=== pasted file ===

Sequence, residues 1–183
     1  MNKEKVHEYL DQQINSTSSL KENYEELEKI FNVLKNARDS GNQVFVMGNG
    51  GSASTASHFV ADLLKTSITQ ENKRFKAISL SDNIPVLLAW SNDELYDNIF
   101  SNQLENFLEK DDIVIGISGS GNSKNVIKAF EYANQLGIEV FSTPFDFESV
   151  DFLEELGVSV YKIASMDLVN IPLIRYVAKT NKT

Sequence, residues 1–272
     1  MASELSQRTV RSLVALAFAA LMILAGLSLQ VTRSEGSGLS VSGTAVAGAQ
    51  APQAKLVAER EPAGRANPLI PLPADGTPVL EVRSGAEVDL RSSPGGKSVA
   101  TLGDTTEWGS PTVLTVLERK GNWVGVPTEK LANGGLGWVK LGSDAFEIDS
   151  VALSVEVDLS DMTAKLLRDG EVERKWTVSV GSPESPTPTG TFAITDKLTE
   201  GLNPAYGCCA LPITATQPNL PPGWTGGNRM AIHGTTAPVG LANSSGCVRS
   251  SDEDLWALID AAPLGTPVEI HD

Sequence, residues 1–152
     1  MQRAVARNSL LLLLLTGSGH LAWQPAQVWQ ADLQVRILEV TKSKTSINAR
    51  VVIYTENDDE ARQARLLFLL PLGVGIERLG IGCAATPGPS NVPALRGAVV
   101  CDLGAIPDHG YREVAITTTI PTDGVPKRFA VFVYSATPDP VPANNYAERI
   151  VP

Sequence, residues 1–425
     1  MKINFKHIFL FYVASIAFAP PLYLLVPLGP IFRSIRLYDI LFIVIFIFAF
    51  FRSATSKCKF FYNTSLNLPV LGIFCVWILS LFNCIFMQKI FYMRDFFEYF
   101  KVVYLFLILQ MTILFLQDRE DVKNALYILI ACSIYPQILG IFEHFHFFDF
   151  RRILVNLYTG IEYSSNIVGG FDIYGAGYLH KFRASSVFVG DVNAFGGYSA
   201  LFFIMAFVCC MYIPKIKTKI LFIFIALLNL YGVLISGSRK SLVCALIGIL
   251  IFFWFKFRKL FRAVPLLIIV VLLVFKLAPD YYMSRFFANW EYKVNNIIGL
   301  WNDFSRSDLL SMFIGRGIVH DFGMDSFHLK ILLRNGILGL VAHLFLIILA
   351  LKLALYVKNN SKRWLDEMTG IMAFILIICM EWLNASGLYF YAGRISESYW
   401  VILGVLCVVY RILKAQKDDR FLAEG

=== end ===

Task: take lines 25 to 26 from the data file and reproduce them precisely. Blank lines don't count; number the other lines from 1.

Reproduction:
   301  WNDFSRSDLL SMFIGRGIVH DFGMDSFHLK ILLRNGILGL VAHLFLIILA
   351  LKLALYVKNN SKRWLDEMTG IMAFILIICM EWLNASGLYF YAGRISESYW